Gambogic acid (GA) is a medicinal compound derived from the gamboges resin of the tree, Garcinia hanburyi GA has documented cytotoxic activity against tumor cell lines in culture, with concentrations required for killing 50% of cells (Lethal Dose 50% [LD50]) of ~ 1 μM (1, 2). This natural product also displays anti-tumor activity in preclinical mouse models involving human tumor xenografts (3–5). In contrast, GA is reportedly well tolerated in mice and rats (2, 4, 6), suggesting that a therapeutic window might be identified at which tumor but not normal cells are killed. It would therefore be interesting to know the cytotoxic mechanism of GA.
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Gambogic Acid Is a Tissue-Specific Proteasome Inhibitor In Vitro and In Vivo.
Li X, Liu S, Huang H, Liu N, Zhao C, et al. Cell Rep. 2012 Dec 19. pii: S2211-1247(12)00420-2. doi: 10.1016/j.celrep.2012.11.023.
Gambogic acid (GA) is a natural compound derived from Chinese herbs that has been approved by the Chinese Food and Drug Administration for clinical trials in cancer patients; however, its molecular targets have not been thoroughly studied. Here, we report that GA inhibits tumor proteasome activity, with potency comparable to bortezomib but much less toxicity. First, GA acts as a prodrug and only gains proteasome-inhibitory function after being metabolized by intracellular CYP2E1. Second, GA-induced proteasome inhibition is a prerequisite for its cytotoxicity and anticancer effect without off-targets. Finally, because expression of the CYP2E1 gene is very high in tumor tissues but low in many normal tissues, GA could therefore produce tissue-specific proteasome inhibition and tumor-specific toxicity, with clinical significance for designing novel strategies for cancer treatment.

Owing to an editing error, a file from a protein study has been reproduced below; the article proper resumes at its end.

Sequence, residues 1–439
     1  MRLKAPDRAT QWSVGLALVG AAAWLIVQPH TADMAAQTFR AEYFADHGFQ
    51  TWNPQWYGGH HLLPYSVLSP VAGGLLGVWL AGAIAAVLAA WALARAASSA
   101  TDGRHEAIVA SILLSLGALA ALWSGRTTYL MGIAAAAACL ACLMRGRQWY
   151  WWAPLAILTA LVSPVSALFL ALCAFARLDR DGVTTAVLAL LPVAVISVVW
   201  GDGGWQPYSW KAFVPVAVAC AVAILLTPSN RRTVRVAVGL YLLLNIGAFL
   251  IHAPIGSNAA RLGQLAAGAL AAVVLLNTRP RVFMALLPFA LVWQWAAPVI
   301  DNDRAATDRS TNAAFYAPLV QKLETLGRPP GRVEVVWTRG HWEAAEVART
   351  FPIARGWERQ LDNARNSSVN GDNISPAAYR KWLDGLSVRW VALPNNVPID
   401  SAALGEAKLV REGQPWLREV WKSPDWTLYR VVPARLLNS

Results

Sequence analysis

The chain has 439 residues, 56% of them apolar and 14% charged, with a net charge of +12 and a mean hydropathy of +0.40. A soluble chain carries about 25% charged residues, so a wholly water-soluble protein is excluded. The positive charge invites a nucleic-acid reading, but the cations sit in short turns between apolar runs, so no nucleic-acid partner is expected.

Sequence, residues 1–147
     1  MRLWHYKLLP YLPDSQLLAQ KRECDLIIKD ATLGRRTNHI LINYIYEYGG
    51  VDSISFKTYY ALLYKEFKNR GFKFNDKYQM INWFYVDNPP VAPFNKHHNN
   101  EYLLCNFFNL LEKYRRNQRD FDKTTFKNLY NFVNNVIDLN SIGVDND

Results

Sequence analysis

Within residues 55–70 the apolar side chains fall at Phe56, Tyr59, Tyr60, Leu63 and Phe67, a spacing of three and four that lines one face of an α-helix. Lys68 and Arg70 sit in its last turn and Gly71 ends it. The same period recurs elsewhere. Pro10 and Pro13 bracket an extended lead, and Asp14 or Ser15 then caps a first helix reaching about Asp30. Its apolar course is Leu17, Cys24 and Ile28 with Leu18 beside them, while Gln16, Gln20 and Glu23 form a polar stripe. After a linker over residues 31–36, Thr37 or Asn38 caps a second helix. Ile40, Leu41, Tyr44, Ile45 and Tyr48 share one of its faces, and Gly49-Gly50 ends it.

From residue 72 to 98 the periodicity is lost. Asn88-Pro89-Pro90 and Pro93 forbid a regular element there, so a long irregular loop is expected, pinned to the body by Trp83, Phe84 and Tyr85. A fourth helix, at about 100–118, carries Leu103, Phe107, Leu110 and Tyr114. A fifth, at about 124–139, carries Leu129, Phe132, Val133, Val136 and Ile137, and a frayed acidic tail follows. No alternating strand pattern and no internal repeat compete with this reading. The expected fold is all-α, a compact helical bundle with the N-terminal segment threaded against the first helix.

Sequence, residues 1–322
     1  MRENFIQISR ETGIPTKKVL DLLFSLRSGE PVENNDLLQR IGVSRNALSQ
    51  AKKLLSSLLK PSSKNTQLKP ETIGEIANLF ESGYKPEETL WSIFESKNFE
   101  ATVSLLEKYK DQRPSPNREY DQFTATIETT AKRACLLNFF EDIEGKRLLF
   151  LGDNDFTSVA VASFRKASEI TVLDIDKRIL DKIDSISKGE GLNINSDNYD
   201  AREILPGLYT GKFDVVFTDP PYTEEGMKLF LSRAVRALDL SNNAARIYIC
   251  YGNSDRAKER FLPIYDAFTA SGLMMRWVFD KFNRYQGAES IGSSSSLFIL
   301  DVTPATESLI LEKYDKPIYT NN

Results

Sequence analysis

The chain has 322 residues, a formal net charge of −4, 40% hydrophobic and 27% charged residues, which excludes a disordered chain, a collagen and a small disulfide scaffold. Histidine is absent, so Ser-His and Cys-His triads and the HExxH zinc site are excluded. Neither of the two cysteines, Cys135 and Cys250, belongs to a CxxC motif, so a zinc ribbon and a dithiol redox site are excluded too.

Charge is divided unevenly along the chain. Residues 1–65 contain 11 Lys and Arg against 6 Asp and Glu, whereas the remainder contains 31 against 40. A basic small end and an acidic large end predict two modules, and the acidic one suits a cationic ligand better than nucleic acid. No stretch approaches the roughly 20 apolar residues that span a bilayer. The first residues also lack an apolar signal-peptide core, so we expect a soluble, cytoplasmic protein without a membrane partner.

Gambogic acid is an antagonist of anti-apoptotic Bcl-2-family proteins
Dayong Zhai, Chaofang Jin, Chung-wai Shiau, et al. Mol Cancer Ther. 2008 June; 7(6): 1639–1646.. doi: 10.1158/1535-7163.MCT-07-2373
The natural product Gambogic acid (GA) has been reported to have cytotoxic activity against tumor cells in culture, and was identified as an active compound in a cell-based high-throughput screening (HTS) assay for activators of caspases, proteases involved in apoptosis. Using the anti-apoptotic Bcl-2-family protein, Bfl-1, as a target for screening of a library of natural products, we identified GA as a competitive inhibitor that displaced BH3 peptides from Bfl-1 in a fluorescent polarization assay (FPA). Analysis of competition for BH3 peptide binding revealed that GA inhibits all 6 human Bcl-2-family proteins to various extents, with Mcl-1 and Bcl-B the most potently inhibited (concentrations required for 50% inhibition [IC50] <1 μM). Competition for BH3 peptide binding was also confirmed using a time-resolved fluorescence resonance energy transfer (TR-FRET) assay. GA functionally inhibited the anti-apoptotic Bcl-2-family proteins, as demonstrated by experiments using isolated mitochondria in which recombinant purified Bcl-2-family proteins suppress SMAC release in vitro, showing that GA neutralizes their suppressive effects on mitochondria in a concentration-dependent manner. GA killed tumor cell lines via an apoptotic mechanism, whereas analogs of GA with greatly reduced potency at BH3 peptide displacement showed little or no cytotoxic activity. However, GA retained cytotoxic activity against bax−/− bak−/− cells in which anti-apoptotic Bcl-2-family proteins lack a cytoprotective phenotype, implying that GA also has additional targets that contribute to its cytotoxic mechanism. Altogether, the findings suggest that suppression of anti-apoptotic Bcl-2-family proteins may be among the cytotoxic mechanisms by which GA kills tumor cells.